Having a Party tonight? - then read on . . . .

Discussion in 'Off-Topic Chat' started by Roger Thorne, Dec 31, 2007.

  1. Roger Thorne

    Roger Thorne Active Member

    Have a great New Year's Eve

    Steven Morris - The Guardian, Monday, December 31, 2007


    For most, New Year's Eve is the culmination of a fun-filled party marathon, the last chance to enjoy a final festive fling as the season of goodwill to all draws to a close. But a series of decidedly dire warnings from ministers, police and insurance companies yesterday provided a reminder that too often misery quickly follows new year jollity.

    One survey revealed that almost three-quarters of convicted burglars put New Year's Eve as the top holiday to go breaking and entering because people are away and homes are full of Christmas goodies.

    According to the survey, from a leading insurance company, the top five targets for burglars are money and credit cards, laptops, digital cameras, jewellery and the latest games consoles.

    If the burglars do not get you, the drink might. The Home Office minister Vernon Coaker urged people to drink responsibly tonight, pointing out that about half of all violent crime is alcohol-related and eight out of 10 pedestrians killed on party nights had been drinking.

    "For many of us New Year's Eve will be the biggest party of the year and having a few drinks is all part of the fun," Coaker said. "But it is worth remembering that when things go wrong and people get hurt, reckless alcohol consumption has often played a part." Experts from the Drinkaware Trust said New Year's Eve posed "potentially fatal challenges" for young people. Its chief executive, Jean Collingwood, said: "We urge teenagers to remember that drinking opens you up to accidents, injuries and even alcoholic poisoning, any of which can potentially ruin the start to your new year."

    The Roofie Foundation charity also warned people to beware of drinks being spiked, saying that drug-assisted rape and assaults were on the rise.

    Police forces across the country were gearing themselves up for a tough night. The Metropolitan police said it had been planning its New Year's Eve operation all year and 3,600 police officers would be on duty in London keeping an eye on revellers. In Manchester, the police advised people struggling to get a taxi home not to "night-hike" and be tempted to get into unsafe and unlicensed taxis.

    The tactics of some cities seem to be to hold low-key public events. There will be a fireworks display at midnight in Birmingham, but the council is not providing a place to view them from, while Leeds is launching its fireworks at teatime.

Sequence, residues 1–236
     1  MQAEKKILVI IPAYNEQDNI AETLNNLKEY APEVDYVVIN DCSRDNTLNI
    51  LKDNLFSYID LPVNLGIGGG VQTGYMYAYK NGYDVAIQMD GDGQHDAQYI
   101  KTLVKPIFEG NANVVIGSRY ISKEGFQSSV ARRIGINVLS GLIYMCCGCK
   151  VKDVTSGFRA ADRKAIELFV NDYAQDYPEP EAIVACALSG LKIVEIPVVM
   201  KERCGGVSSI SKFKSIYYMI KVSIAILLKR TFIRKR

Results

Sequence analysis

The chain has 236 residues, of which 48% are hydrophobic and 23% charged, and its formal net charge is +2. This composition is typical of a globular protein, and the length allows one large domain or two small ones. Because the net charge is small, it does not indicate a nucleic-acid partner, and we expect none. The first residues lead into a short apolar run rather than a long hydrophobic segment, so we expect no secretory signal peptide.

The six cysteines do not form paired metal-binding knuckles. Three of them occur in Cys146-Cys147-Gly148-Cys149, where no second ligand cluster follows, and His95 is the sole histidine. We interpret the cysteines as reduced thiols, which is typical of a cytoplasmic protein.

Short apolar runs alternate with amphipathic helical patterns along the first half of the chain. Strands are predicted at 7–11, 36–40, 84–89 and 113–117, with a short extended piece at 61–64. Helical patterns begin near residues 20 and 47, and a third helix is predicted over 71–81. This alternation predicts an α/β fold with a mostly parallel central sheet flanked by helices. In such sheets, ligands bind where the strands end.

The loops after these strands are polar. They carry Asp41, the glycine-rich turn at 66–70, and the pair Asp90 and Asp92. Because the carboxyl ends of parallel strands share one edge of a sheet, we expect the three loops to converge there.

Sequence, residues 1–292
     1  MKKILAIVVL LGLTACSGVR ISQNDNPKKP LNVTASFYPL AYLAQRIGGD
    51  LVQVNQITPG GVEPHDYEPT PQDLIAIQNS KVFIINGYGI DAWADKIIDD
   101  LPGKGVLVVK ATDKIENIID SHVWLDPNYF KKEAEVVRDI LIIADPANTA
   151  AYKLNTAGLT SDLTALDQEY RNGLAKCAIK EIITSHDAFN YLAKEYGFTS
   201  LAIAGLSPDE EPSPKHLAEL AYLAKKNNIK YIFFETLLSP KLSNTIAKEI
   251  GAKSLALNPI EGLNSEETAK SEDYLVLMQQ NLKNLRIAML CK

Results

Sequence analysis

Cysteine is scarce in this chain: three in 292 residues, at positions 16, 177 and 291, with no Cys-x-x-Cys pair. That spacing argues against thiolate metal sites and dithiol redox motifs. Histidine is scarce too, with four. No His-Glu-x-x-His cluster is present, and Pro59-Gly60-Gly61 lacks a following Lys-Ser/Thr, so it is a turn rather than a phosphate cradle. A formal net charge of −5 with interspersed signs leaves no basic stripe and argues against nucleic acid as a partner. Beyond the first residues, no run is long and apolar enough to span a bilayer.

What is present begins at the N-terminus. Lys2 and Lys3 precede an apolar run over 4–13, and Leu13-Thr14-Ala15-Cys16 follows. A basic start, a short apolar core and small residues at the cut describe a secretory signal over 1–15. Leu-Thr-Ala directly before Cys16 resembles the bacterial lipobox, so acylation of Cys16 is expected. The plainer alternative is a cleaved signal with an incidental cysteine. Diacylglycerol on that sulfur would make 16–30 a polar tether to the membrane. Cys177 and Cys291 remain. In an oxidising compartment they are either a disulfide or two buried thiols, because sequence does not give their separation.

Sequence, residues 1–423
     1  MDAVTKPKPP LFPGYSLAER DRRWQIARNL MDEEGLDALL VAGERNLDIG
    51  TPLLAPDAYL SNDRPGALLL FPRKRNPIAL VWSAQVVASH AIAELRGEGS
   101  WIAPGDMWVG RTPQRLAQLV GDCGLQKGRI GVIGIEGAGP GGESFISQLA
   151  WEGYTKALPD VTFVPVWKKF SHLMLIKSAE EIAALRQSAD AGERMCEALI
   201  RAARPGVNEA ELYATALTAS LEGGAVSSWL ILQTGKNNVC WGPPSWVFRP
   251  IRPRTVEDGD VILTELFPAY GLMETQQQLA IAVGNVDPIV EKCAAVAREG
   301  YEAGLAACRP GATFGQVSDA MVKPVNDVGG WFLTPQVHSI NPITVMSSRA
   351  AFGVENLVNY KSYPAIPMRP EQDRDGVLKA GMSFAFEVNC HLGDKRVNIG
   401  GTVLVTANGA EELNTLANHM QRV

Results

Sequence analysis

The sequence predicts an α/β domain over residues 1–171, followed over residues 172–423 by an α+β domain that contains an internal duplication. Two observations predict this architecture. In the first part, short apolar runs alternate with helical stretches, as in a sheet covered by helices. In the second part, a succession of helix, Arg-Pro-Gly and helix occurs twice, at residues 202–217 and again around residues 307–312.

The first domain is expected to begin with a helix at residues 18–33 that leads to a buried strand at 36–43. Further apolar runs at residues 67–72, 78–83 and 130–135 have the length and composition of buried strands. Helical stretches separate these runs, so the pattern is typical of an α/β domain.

Liverpool's status as European capital of culture is being marked in an understated way at the Anglican cathedral, where the rarely heard 14.5-tonne Great George bell will be rung at midnight.

    If public authorities are reluctant to stage big events, the gap is being plugged by privately organised events. Huge party nights spilling out into various venues are being organised by the likes of the Custard Factory in Birmingham and the Warehouse Project in Manchester.

    But, as ever, Edinburgh, Glasgow and London will hold the biggest organised celebrations.

    Though Edinburgh's reputation as the best place in the world to see in the new year may have taken a knock in recent years, its main Hogmanay events are sold out. Kasabian and Idlewild are headlining its Concert in the Gardens, while at Glasgow's George Square, the View and Amy Macdonald are starring in a sellout concert.

    Up to 400,000 people are expected to pack into central London. A 10-minute firework display at the London Eye will follow the midnight chimes of Big Ben. The main gathering points - along the Embankment, and in Trafalgar Square, Leicester Square and the Strand - are likely to be full by 11pm.

    One more piece of gloomy news: psychologists from the University of Hertfordshire say that barely one in 10 people will stick to their new year resolutions.

    In a study, three-quarters of those who said they would quit smoking this time last year lit up again, while just 28% of dieters succeeded in losing weight. At the start of the year-long study more than half of those interviewed said they were confident of success. But by the end of the year just 12% had achieved their goals.


    Happy New Year

    :(
     
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  3. Mesmerist

    Mesmerist Well-Known Member

    Guardian readers don`t generally look on the bright side do they...

    happy new year indeed
     

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